Carbon’s 3D printing solutions have proved to be popular among many dental labs hoping to take advantage of the opportunities of this new shift in dentistry. The company is known for its innovative Digital Light Synthesis™️ (DLS) technology, a resin-based 3D printing process that uses digital light projection and oxygen-permeable optics, yielding a process that is both ultra-fast and precise. Indeed, a 2021 Valmont Research study even found that Carbon printers were declared Most Reliable among other honors. Furthermore, Carbon printers were especially chosen by those involved in implant dentistry, for whom accuracy was the most valued.
One respondent, Ramon Alsua of Unident Lab, commented, “I can’t stress enough the importance of consistency and accuracy of models. With the Unident Lab’s specialty being implants, with the tiny components that are used in implant dentistry, we need to be extremely accurate. In the past, this has always been a big challenge. Carbon 3D printers have been a game-changer for us. I am confident that the models that are produced will be right the first time. I know the parts the lab sends to the dentist will be accurate.”
And it is easy to see why. Carbon’s Digital Manufacturing Platform boasts a number of benefits for dental labs hoping to economically produce parts at scale. These include a broad portfolio of resins from industry-leading manufacturers, network connectivity enabling remote monitoring and troubleshooting, knowledgeable support teams, and accuracy validated by Boston University. The platform is an ideal choice for mid- to high-volume production, and Carbon’s subscription model makes it seamless for labs to always have the right printer for their needs, with the most up-to-date technology. Every subscription also includes concierge level support to help labs make the most of their 3D printing investment. For these reasons, a number of dental labs have turned to Carbon for their digital dentistry needs.
Carbon’s Solutions are Enabling Users to Solve Issues Preventing Growth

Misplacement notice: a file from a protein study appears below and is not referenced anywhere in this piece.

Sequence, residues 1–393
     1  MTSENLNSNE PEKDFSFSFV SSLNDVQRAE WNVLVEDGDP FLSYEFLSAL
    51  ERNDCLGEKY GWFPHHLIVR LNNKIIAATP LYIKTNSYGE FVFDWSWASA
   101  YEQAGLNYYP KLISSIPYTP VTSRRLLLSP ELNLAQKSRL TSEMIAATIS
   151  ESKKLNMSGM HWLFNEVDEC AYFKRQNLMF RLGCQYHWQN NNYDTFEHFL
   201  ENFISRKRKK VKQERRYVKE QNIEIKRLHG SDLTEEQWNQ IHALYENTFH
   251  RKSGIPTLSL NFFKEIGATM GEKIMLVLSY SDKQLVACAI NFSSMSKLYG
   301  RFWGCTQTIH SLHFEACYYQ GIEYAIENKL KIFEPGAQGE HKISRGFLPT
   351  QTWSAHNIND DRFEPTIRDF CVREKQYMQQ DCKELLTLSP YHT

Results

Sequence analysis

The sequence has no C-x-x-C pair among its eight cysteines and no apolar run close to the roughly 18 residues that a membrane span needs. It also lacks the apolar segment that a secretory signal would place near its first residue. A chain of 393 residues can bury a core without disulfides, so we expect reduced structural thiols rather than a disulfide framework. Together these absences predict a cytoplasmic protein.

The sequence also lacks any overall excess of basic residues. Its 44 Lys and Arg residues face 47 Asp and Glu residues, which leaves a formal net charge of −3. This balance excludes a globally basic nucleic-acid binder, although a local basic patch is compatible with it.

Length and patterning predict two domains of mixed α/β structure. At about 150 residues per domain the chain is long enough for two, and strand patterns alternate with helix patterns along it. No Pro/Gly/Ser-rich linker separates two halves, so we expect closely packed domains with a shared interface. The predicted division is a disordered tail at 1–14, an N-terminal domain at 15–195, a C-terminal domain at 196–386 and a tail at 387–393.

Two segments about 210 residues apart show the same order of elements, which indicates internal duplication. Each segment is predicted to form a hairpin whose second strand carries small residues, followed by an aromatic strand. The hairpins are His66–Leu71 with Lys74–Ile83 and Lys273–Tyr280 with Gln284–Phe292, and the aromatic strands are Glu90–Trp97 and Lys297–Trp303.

One such dental lab is Ziemek Laboratories. Based in Olympia, Washington, Ziemek is a full-service lab which has fully converted to digital dentistry, specializing in crowns, implants, removable products and more. Through Carbon, they hope to continue a legacy of adopting new technologies in order to ensure excellent service and high-quality products for their customer dentists. And indeed, through the use of Carbon’s M Series printers, they have been able to address their three biggest challenges: inconsistency, unpredictable cost structure, and increasing dental model production costs.
Ziemek found that through Carbon’s solutions, the cost to make models has been reduced at least 12.5% and up to 27.5% from a previous model production solution. Additionally, they have seen higher throughput due to an increased speed of production, cutting production turnaround time by up to 40%. This success has been seen as well through many other Carbon customers, such as Derby Dental Lab who was able to increase their model production by 60% with Carbon. These success stories show not just why many dental labs have turned to additive manufacturing, but why Carbon’s technology is well suited for the dental market. You can find out more about Carbon’s offerings for dentistry HERE.
*All Photo Credits: Carbon